As mentioned before, most if not all statutory interpretation of the Emergency Medical Condition standards are applied to emergency room situations. An example of such a case is Correa v. Hospital San Francisco, 69 F.3d 1184 (Court of appeals, 1st Circuit 1995). In this case an elderly patient is taken to a hospital complaining of chest pain, but is ultimately ignored. This ultimately leads the patient to expire. The court determined that a hospital has a duty to provide an appropriate medical screening and if an emergency medical condition exists, then the hospital has a duty to stabilize the patient. In another case, the court stated that EMTALA was enacted "in the mid-1980s based on concerns that, due to economic constraints, hospitals either refusing to treat certain emergency room patients or transferring them to other institutions." Torretti v. Main Line Hospitals, Inc. 580. F3d 160 (Court of Appeals, 3rd Circuit 2009). The plaintiff in most of these cases is trying to show that the hospital or health care facility owed a duty of care which the institution failed to provide. In other words, much of this case law deals with negligence or question of malpractice rather than questions of coverage. Thus, much is of the case law out there may not be directly applicable to PIP coverage analysis.

Indeed, the major concern for readers of this blog is coverage and payment up to $10,000 for PIP benefits. For the insured to be provided adequate treatment it would be preferable that the standard for an emergency medical condition be lax. Otherwise, a Florida PIP policy holder would be limited to $2,500 in benefits. The Arizona Supreme Court addressed the issue of coverage in Scottsdale Healthcare, Inc. v. Arizona Health Care Cost Containment System, 75 P.3d 91 (2003). ). In this case there was no dispute as to the emergency medical condition. As the Court noted, "[t]he question is] whether...at the time [of the transfer of the patients] ...each still suffered from an 'emergency medical condition'..." The court goes on to say that the "statute requires that the medical condition manifest itself by 'an acute symptom (including severe pain).'" The court further explains, "[t]he statute mandates that AHCCS must cover services for treatment of that condition so long as absence of immediate treatment for that condition could reasonably result in" serious jeopardy, serious impairment, or serious dysfunction to patient health. It is helpful for healthcare providers that severe pain is considered an acute symptom by many courts analyzing the definition of emergency medical condition.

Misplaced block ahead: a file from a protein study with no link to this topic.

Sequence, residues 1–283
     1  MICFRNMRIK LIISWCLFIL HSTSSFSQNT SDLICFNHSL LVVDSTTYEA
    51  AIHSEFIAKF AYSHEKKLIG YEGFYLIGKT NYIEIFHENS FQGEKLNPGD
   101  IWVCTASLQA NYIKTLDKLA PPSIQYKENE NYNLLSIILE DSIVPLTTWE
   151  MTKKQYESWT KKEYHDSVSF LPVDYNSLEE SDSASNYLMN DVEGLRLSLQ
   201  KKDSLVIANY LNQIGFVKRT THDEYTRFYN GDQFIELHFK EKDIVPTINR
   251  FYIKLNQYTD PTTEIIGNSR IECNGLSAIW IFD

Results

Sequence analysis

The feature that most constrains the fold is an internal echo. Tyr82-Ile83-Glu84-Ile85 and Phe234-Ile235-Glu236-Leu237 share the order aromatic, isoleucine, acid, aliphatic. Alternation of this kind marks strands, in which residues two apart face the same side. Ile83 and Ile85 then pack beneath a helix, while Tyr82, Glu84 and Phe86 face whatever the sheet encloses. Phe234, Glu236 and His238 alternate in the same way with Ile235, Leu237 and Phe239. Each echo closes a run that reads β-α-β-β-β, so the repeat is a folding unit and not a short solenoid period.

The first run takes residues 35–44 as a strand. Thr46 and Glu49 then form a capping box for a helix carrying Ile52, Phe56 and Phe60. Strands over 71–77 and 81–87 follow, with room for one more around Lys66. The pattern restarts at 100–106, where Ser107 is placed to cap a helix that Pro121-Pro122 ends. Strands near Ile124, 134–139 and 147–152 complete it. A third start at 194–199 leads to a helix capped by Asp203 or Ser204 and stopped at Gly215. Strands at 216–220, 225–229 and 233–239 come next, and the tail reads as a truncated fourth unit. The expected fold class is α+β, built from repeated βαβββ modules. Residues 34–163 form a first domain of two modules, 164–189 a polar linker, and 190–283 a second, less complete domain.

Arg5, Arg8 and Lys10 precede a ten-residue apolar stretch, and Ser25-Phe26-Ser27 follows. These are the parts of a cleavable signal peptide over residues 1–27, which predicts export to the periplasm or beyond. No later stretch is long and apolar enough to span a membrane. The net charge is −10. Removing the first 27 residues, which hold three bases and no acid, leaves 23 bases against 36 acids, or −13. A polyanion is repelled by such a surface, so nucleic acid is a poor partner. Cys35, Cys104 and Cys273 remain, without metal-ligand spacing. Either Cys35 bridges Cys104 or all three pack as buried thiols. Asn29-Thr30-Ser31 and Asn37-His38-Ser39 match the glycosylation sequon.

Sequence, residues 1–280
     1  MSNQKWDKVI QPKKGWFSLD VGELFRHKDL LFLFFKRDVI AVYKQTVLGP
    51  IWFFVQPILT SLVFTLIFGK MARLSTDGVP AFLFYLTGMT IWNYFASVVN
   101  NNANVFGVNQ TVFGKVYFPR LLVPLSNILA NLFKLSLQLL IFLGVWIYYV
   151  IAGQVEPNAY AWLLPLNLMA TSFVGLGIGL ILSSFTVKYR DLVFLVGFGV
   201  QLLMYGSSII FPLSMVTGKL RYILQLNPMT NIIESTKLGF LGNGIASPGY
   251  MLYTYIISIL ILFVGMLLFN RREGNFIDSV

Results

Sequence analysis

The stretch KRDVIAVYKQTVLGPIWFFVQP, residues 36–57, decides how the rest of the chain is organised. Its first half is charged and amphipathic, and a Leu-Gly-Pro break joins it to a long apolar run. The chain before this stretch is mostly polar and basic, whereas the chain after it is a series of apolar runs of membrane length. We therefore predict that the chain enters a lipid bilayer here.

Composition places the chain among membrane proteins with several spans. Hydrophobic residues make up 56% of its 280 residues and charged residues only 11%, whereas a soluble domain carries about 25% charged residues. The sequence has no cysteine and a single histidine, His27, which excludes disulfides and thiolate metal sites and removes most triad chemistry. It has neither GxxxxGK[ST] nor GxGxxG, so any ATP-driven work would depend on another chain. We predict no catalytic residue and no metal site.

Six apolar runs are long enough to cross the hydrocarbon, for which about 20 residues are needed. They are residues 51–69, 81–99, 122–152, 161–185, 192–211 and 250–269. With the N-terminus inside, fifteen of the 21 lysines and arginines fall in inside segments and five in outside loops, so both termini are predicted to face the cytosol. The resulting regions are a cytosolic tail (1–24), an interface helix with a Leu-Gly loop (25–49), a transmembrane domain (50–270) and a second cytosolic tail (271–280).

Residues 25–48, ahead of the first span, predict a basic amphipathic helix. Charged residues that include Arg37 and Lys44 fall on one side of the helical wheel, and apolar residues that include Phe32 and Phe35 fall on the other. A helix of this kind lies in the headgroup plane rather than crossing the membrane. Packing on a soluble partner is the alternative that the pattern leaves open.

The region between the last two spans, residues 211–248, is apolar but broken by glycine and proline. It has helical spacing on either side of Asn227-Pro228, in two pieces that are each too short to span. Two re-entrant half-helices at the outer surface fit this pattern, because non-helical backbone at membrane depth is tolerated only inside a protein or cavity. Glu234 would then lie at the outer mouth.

As PIP attorneys in Florida we understand that these changes are producing anxiety and concern among health care providers in the State. Other blogs will be dedicated to what constitutes an emergency medical condition. This is only a preliminary blog. Other blogs will address what constitutes an acute symptom and whether subsequent treatment due to an emergency medical condition can be reimbursed up to $10,000. Also, we will address the effect of this new PIP standard on chiropractors.

We want to note that this new standard will most likely create substantial litigation. Ultimately, it is likely that courts will determine that whether an emergency medical condition exists is matter of fact that should be decided by a jury. If this ends up being the case, then it will be beneficial to policy holders and providers. Extended litigation will make it economically restrictive for insurance companies to contest the issue.

If you are a health care provider, doctor, chiropractor, or dentist please do not hesitate to call us if you have any questions pertaining to the new PIP standards. Our Miami-Dade PIP attorneys are here to assist you. We can be reached at 305.764.9907 or 1.888.413.8353.